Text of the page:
Shakespeare's Unorthodox Biography: New Evidence of an Authorship Problem - Diana Price

This book poses a bit of a conundrum for me: Is it possible to like a work of non-fiction and enjoy reading it, while at the same time taking issue with - even vehemently disagreeing with - the content of the book?

 

In Shakespeare's Unorthodox Biography: New Evidence of an Authorship Problem, Diana Price explores the reasons why Anti-Stratfordians believe that the author most of us know as William Shakespeare was not the one man from Stratford that has been credited with the creation of Shakespeare's works. 

 

Price goes through the arguments of why Shakespeare wasn't Shakespeare one by one and creates a well-rounded overview of the Anti-Stratfordian tenets. She starts with differences of names in records, mentions of Shakespeare in the writing of his contemporaries, financial records, biographical dates, and the works themselves, dissecting the use of language, rhythm etc. for clues of authorship. 

 

I am certainly no Shakespeare scholar, I have merely a passing interest, but overall I found the arguments really unconvincing, especially the ones based on financial records. 

 

One one hand, Price argues that there are hardly any records to show that Shakespeare, the Stratford man, received any payment for literary work, which Price uses as evidence that the man in Stratford didn't write the plays (etc.). On the other hand, Price argues that there are few records of any payment for the literary works created by anyone. There seem to be records for payments from various patrons to the actors and theatrical groups, but there seems little differentiation between actors and writers. 

 

Is this really all that surprising? At a time where printing had developed into an industry based on the sale of tangible goods but publishing had yet to establish itself because professional authorship as such was still in its infancy, why would we expect to see records of payments to authors? If printing produced tangible goods for sale (no advertising as yet) with no consideration given to authors, why would we expect theatrical players who had an even longer history of producing any known story with appeal to the crowds to make the distinction between writers and players? 

Copyright was not introduced to the UK until 1710, so why would there be a need for recording a distinction of works, and for recording payment (as proof of payment)? 

 

I don't get it.

 

What I also didn't get was the argument that the Shakepeare the London playwright would not have needed to become a landowner and business man in Stratford becasue surely his literary success would have secured him an income.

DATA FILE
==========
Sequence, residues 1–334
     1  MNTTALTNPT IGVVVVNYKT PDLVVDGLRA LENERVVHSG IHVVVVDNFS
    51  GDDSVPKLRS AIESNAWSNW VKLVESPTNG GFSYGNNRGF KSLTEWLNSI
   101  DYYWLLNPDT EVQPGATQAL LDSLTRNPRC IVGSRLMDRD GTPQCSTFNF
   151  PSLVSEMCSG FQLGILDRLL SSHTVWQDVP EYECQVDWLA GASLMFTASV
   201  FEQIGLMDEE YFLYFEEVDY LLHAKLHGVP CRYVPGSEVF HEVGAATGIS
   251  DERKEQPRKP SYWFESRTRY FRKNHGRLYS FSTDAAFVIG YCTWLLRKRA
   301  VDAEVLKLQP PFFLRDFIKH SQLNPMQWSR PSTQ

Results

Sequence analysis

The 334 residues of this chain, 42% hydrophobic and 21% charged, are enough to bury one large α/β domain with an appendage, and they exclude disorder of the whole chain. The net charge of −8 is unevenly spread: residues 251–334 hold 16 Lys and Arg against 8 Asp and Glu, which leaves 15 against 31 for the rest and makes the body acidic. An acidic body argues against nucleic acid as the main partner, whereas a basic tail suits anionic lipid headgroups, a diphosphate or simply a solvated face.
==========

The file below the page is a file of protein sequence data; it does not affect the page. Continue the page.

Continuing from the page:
Literary success or success as an actor/producer/theatre owner was a risky and more so fleeting business. My question back to the author would really be why wouldn't a man supporting a growing family try to secure an income from a traditional source such as land and tenancies?

 

I really don't get the basis for most of the arguments in the book, actually, even if I'm only mentioning two here. 

 

So why did I still enjoy reading this?

 

I think the answer is because the book did make me look at how we look at biographies, research, and the presentation of arguments. I liked that the author tried to go into quite a lot of detail of looking at records and questioning how we read biographies and how some biography writers forego original research and simply re-work secondary sources, sometimes without fact-checking, which can lead to contradictory statements of fact.

 

This is something I have come across in biographical work of other authors and other people on several occasions and it is a particular pet peeve of mine. 

However, while I share Price's annoyance with lazy research and I liked her questioning the "facts" presented by several biographers, I had little time for her reasoning and production of evidence for any counter-theories. 

 

Next up, I'll turn to Stanley Wells' short work on Why Shakespeare was Shakespeare for a - no doubt passionate - defense of the traditional view of Shakespearean biography.  

 

Previous reading update:

Reading progress update: I've read 77 out of 376 pages.